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« Two years later | Main | On scientific freedom »

Thinking, or not thinking, about coffee

Today's "stupidity signalling" story is the mainstream media's excitement over a report that we are throwing away three billion disposable coffee cups each year. It doesn't seem to have occurred to anyone that disposable cups are disposed of on such a prodigious scale because they are made of very cheap, very abundant materials and need little energy along the way. Nor do they seem to have clocked that ceramic cups are much more expensive because they require huge amounts of energy to make.

Still, this nonsense does fill up their pages for them.

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Reader Comments (107)

" when the grid didn't want the power, Culham (JET) could take it. "

My stately pleasure dome idea was to use the spare heat we could all see wafting away from the cooling towers.

Back to the cups. On consideration I reject the entire idea that I am responsible for the coffee shop's decisions. I am a consumer. While I have a personal inclination to avoid waste I am not bound by anything but my contract with the shop. I give them money and I get a long wait and a drink in whatever cup they and I have agreed on.

Mar 19, 2016 at 3:37 AM | Unregistered Commenterrhoda

Salopian. What has my former affiliation with UEA got to do with my sense of humour? Oh, O.K. then.

Mar 19, 2016 at 11:03 AM | Unregistered CommenterAlan Kendall

There's an interesting article on the Beeb online today.

It would seem that the worldwide glut of cheap commodities such as steel and oil is hitting the prices paid for recycled materials, with prices for steel cans down 88%, plastic bottles down 58% and glass down 67%.

Mar 19, 2016 at 12:39 PM | Registered CommenterSalopian

@golf charlie, Mar 18, 2016 at 3:12 AM

About 10 years ago, I was in Croatia, and larger supermarkets ran a recycling scheme whereby you could get money back for empty bottles and aluminium drink cans etc. In the same way that people have mentioned on this thread, money could be made. Aluminium drinks cans, I can understand, glass bottles are not economic to recycle or reuse in the UK, but a 'bounty' was payable in Croatia. But a bounty was also payable on plastic bottles. I have never understood how there was sufficient money to be made, to make a bounty payable. This was before Croatia entered the EU, so I don't know whether recycling was one of the targets that they had to meet, to join the EU Club?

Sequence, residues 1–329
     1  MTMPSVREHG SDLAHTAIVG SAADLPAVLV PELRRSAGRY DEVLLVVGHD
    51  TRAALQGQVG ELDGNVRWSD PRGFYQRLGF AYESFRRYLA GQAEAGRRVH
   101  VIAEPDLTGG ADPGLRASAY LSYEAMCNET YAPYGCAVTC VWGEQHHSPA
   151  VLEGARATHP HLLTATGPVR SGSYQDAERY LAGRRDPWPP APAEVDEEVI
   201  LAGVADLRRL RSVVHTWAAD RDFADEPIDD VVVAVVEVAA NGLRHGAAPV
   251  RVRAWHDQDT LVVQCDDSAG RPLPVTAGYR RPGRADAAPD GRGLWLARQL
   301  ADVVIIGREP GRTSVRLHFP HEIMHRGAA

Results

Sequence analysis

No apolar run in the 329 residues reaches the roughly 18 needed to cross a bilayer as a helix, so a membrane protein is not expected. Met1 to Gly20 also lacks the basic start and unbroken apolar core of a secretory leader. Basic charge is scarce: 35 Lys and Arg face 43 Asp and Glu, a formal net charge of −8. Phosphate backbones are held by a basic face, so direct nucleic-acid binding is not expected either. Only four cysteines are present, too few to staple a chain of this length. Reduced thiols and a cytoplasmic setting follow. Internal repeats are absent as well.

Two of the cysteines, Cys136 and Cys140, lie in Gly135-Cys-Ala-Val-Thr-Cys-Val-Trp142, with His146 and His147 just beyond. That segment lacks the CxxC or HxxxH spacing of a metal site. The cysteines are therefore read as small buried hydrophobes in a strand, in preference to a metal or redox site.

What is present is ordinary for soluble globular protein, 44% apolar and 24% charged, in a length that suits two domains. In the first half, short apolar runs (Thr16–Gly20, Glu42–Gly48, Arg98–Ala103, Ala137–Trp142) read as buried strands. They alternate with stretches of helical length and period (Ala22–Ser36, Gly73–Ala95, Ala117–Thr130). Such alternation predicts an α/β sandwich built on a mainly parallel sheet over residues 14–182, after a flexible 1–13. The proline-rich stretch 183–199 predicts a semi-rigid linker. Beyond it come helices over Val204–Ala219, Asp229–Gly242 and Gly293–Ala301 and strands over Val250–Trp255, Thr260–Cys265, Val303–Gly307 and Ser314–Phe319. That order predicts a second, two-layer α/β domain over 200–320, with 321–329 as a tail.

Pensioners would 'patrol' tourist hot-spot litter bins. It was normal to separate 'bounty' rubbish, into a separate bag, and place that next to a bin, rather than in it, and this made recycling an easier and less messy trade for the pensioners.

When I was living in Sweden in 1990s they had a similar system. All aluminium cans, plastic and glass drinks bottles included a deposit in the price iirc 1 SEK on cans and plastic and 2 SEK on glass. Most supermarkets had a machine to feed them into, in the deposit was given back as a voucher to use in the store. The machines scanned the barcode to determine what if any deposit had been paid.

During my time there they made a change to the system

Initially, I could obtain a credit on beer cans bought in UK duty free and any flattened, but barcode legible empties from UK home. There must have been a large amount of this going on as the barcodes on cans were changed from black stripes to unprinted bare metal stripes. Thus, non Swedish cans no longer gave a refund :(

@Alan Kendall, Mar 18, 2016 at 5:06 PM

We in the UK probably use 2 sheets per day, a much more leisurely pace.

Men in the UK probably use 2 sheets per day, a much more leisurely pace.

Women in the UK probably use 1-2 rolls per week, a much less leisurely pace.


Mar 19, 2016 at 7:37 PM | Registered CommenterPcar

Can't have 24 hour news networks without a constant stream of nonsense like this

Mar 20, 2016 at 8:38 PM | Unregistered CommenterZac

Thus blogs

Mar 21, 2016 at 12:30 AM | Unregistered CommenterEli Rabett

So, how much carbon is sequestered by these cups? I don't know what you people do with them, but here we compact our trash on top of a thick seam of blue clay, and seal it with another layer of compacted blue clay.

Mar 29, 2016 at 5:17 PM | Unregistered Commenteriowaan

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